2. Ask questions all the time: often, people don’t know what they don’t know, and it’s by asking questions that the need for new and/or systematic data will emerge. This will also provide you with the kind of domain knowledge that a data scientist needs to be truly effective. Your random forest will not be of much help is you don’t understand what kinds of features are relevant and what is important to predict and why. You need to understand the business and its needs in order to think about metrics and measurement, and the people whose work you are going to impact need to perceive you as a someone who understands the challenges they face. When there are no clear answers to your questions, you will have an opportunity to push for data collection, systematization, and analysis.
  3. Ask why all the time: many times, things are done in a certain way because they’ve always been done like that. Some of those times, there is a good reason behind the current workflow. Others, the good reason is way way in the past and it’s not a relevant factor anymore. And still other times there is no reason at all, and the status quo is just the solidified outcome of ad hoc decisions and serendipity. Learn to identify where there is no good rationale for how things are done and where an in-depth exploration of the issue with data is warranted. If you can build a good case for a change of course (i.e., one that will bring tangible benefits to the organization), people will start to see the upside of your approach and are more likely to embrace it.
  4. Ask for help all the time: the goal of the previous points is to help your organization develop a data culture. If you do your work in isolation and only emerge from your cave once in a while to show everyone else how smart you are you will not only get less done and have little actual impact, but people will see you with overt animosity (and might steal your yoghurt from the fridge). For once, you are bound to miss crucial stuff that will make it easy to dismiss your work. But more importantly, people need to see you working with them on the issues that they think are relevant. That’s why you ask them for data and ask them questions. If those who will be affected by the product of your work have a sense of ownership over it, they are much more likely to engage with and adopt it.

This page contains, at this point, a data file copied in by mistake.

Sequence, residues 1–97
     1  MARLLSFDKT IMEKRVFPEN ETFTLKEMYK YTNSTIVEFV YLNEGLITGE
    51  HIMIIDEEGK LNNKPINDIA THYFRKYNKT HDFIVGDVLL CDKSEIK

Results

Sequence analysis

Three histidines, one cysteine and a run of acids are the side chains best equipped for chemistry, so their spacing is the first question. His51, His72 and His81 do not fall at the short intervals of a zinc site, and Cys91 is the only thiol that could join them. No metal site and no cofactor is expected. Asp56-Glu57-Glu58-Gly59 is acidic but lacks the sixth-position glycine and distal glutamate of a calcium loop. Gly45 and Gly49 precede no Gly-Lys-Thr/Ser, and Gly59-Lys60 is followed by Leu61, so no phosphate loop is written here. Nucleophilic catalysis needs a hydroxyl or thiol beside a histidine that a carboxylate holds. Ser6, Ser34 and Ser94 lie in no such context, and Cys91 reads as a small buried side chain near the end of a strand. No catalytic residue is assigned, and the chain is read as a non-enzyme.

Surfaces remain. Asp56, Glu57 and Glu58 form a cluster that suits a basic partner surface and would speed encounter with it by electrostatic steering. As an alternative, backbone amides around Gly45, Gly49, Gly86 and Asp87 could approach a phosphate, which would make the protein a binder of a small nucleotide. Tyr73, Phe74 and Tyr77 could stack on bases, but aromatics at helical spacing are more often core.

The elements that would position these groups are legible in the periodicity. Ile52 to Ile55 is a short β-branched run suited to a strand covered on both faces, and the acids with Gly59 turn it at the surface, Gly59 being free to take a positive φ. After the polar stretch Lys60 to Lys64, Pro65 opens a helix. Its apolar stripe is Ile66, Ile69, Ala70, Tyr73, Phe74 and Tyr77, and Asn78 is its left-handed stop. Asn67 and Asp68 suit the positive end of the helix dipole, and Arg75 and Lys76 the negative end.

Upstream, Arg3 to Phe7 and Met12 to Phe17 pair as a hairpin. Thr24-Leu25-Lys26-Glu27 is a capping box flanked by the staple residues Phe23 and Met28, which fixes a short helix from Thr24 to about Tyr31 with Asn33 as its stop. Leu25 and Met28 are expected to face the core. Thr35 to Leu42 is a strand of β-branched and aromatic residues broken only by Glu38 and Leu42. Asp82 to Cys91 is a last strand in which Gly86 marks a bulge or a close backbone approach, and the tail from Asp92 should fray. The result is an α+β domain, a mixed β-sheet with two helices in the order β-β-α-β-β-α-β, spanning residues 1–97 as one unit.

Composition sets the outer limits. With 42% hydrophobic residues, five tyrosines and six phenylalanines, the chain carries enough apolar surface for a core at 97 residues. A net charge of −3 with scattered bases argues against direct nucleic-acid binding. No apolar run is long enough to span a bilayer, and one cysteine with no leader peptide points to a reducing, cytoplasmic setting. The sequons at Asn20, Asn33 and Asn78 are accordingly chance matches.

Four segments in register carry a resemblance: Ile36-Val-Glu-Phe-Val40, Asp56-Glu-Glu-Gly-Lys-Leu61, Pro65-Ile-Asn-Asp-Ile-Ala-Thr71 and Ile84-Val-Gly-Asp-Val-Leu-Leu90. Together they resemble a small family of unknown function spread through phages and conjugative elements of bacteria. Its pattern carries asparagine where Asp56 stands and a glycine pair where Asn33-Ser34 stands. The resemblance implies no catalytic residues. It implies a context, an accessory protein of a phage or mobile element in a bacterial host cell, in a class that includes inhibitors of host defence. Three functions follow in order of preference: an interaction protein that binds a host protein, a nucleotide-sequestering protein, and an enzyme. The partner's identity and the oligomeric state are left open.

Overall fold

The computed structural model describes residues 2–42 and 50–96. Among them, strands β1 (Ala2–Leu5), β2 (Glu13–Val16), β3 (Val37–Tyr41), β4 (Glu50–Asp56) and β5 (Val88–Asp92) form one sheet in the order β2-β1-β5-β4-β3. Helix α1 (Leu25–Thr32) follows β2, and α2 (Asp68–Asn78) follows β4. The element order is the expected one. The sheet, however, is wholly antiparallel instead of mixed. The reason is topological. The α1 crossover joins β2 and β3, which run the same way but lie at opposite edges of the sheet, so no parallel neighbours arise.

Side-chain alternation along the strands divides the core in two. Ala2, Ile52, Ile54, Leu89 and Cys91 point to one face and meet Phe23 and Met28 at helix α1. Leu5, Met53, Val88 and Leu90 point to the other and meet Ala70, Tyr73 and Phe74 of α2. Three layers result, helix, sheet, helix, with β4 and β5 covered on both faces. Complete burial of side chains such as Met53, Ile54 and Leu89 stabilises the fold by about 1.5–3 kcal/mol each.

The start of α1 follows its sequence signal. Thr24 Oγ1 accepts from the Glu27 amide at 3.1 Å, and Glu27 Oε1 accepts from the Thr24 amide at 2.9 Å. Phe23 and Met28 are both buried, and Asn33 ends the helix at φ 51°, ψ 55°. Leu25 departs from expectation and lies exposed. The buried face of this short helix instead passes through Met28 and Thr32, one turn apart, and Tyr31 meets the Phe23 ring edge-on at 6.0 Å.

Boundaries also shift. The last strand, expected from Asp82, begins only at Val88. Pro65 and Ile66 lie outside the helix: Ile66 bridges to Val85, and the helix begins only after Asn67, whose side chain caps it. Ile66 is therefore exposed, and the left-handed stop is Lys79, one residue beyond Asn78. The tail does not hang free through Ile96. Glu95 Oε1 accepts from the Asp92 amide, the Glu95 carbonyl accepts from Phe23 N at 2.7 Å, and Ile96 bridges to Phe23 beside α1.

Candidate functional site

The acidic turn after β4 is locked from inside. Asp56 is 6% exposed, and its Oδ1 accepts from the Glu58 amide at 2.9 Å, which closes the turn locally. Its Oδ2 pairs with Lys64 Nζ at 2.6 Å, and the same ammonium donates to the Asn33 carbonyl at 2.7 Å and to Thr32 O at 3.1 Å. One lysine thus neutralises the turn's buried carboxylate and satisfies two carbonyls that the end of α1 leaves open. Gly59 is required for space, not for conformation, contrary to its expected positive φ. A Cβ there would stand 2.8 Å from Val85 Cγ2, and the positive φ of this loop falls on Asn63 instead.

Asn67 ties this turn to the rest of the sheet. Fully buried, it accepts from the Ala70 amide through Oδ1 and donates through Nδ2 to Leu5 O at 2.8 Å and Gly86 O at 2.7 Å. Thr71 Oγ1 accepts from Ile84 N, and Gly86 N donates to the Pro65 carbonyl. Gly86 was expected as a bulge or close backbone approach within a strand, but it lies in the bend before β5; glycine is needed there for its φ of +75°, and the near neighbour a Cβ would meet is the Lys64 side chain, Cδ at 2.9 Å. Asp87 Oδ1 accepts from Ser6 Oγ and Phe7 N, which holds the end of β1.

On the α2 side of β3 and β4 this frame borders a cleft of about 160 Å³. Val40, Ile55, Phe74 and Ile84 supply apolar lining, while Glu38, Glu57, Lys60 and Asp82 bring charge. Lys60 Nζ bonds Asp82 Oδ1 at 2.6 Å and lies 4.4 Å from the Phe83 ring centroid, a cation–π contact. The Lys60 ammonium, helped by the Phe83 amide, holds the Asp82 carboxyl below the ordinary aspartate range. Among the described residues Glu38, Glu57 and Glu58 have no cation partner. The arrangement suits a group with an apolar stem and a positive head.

5. Ask for the chance to share what you found all the time: you’ve probably heard before that communication is central to data analysis (what’s the point of your cool new algorithm if nobody understands why you used it or what it does?), but I cannot overemphasize the importance of communicating what you learn. Notice that I said “what you learned,” not “what you did.” Nobody gives a damn about what a support vector machine does, and the communication I’m talking about has little to do with the technical aspects of your work. It’s great that you are so excited about the beauty of backpropagation, but the people in your firm want to know how to fix and improve the problems that they deal with every day in sales, production, marketing, customer relations, or whatever other area of the organization you didn’t even know existed. Talk to people not only to learn from them, but to figure out what the best way to talk to them about what you do and why it matters is. Don’t take for granted that everyone wants to hear you pontificate because you have a Metis certificate of completion stapled to your cubicle wall. Engage in a two-way dialogue and show how what you do is useful to others in their own terms.

All these points might not sound very glamorous, and to some will even sound like mere common sense. But I still have to see a school that teaches these concepts, or an interviewer who tries to assess the associated skills. Let me insist once more: I’m not saying that technical skills are not essential, and in many jobs they may be the most important asset for a data scientist. But in many contexts your non-technical skills will be a much better predictor of your success, both personally and in terms of your impact on the organization. Even more, your soft skills and your effect on the company’s culture are possibly the only way that you can get to do the fancy stuff down the road once the data, the infrastructure, and the need for analysis are in place and well-established.

I hope that you also keenly perceived my subtle hints and see that all the ‘asking’ I advocated for above needs to be accompanied with a certain attitude that combines humility with genuine engagement. In a company, learning is a collective process, and the main role of the data scientist is to help the company learn and improve by using all the data that it is able to gather, process and leverage. You cannot do this on your own, and knowing your place in the corporate culture and how you can have a meaningful impact on it is one of the most important soft skills a data scientist can bring to the table.